Application forms will be available by early February but you are invited to register your interest in a course or courses now (given the likely demand you would be well-advised to list a second choice). Those who register now will be the first to receive application forms. You can register your interest in LRBS 2008 by emailing your name and address (with an indication of preferred courses) to:

Further details can be found here.
Teaching the History of the Book to Undergraduates
A One-Day Symposium
Saturday 8 December 2007
Institute of English Studies, London

Organisers: Dr Ian Gadd, Dr Aileen Fyfe, Dr John Hinks, Dr Cathy Shrank and Professor Simon Eliot

History of the book, long the preserve of the graduate seminar, is beginning to find its way into the undergraduate curriculum, as tutors find that the questions history of the book raises, the methodologies it uses, and the perspectives it provides are increasingly useful to their students. Yet, how can something so interdisciplinary ‹ that is taught in departments of history, English, media studies, publishing and elsewhere ‹ and so material ‹ that needs access to books and archives ‹ make its way successfully into the undergraduate classroom? What disciplinary, institutional, pedagogical, and intellectual problems does it encounter? And what are the possible implications for history of the book as a field or mode of enquiry?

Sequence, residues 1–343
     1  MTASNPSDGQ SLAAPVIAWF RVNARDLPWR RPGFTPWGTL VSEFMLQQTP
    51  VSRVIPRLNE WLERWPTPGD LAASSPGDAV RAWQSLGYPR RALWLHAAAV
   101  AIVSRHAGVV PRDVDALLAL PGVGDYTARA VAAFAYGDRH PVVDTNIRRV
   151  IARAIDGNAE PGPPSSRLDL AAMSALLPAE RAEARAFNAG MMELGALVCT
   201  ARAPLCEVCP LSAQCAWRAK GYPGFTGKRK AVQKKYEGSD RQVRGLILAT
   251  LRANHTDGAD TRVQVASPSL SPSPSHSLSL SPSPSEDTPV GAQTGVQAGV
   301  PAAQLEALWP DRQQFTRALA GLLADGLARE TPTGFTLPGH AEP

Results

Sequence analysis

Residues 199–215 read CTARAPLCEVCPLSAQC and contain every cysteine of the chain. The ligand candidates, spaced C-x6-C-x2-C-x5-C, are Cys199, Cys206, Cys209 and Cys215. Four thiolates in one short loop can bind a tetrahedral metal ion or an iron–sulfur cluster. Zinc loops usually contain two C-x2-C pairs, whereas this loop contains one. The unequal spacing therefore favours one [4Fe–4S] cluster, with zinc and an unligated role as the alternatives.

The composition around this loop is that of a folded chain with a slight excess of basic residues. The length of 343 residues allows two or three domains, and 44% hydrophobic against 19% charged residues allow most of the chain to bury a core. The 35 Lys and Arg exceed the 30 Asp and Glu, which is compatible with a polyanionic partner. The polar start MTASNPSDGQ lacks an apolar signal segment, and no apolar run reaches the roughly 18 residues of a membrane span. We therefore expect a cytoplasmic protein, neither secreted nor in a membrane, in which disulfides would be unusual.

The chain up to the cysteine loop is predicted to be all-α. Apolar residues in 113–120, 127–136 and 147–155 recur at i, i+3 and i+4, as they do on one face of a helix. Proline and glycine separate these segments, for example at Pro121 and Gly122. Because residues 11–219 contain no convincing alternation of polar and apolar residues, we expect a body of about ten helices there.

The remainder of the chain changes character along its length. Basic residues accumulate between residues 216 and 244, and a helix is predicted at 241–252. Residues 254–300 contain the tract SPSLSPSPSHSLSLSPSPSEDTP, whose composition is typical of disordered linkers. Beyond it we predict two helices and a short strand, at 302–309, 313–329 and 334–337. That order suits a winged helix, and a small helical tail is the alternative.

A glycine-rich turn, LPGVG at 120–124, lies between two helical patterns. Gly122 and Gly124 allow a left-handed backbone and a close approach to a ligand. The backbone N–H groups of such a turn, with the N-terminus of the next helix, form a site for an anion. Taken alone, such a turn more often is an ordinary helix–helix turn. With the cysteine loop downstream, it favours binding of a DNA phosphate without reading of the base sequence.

This one-day symposium, the first of its kind in the UK, brings together scholars from a variety of disciplines and universities, research librarians, and undergraduate students to debate these questions and to share experiences and good practice. We hope that it will be of interest to anyone involved in, or thinking about becoming involved in, teaching the history of the book.

The conference programme and registration form is available here. Registration is £30 (£20 concessions) and covers refreshments, but not lunch.

On the website, there is also information about a survey of Book History teaching in the UK and Ireland. We've already received a good number of responses, but we would welcome more!
Justin Winsor Prize of the American Library Association Library History Round Table

The Justin Winsor Prize is presented by the Library History Round Table of the American Library Association each year to recognize the best essay written in English on library history, including the history of libraries, librarianship, and book culture.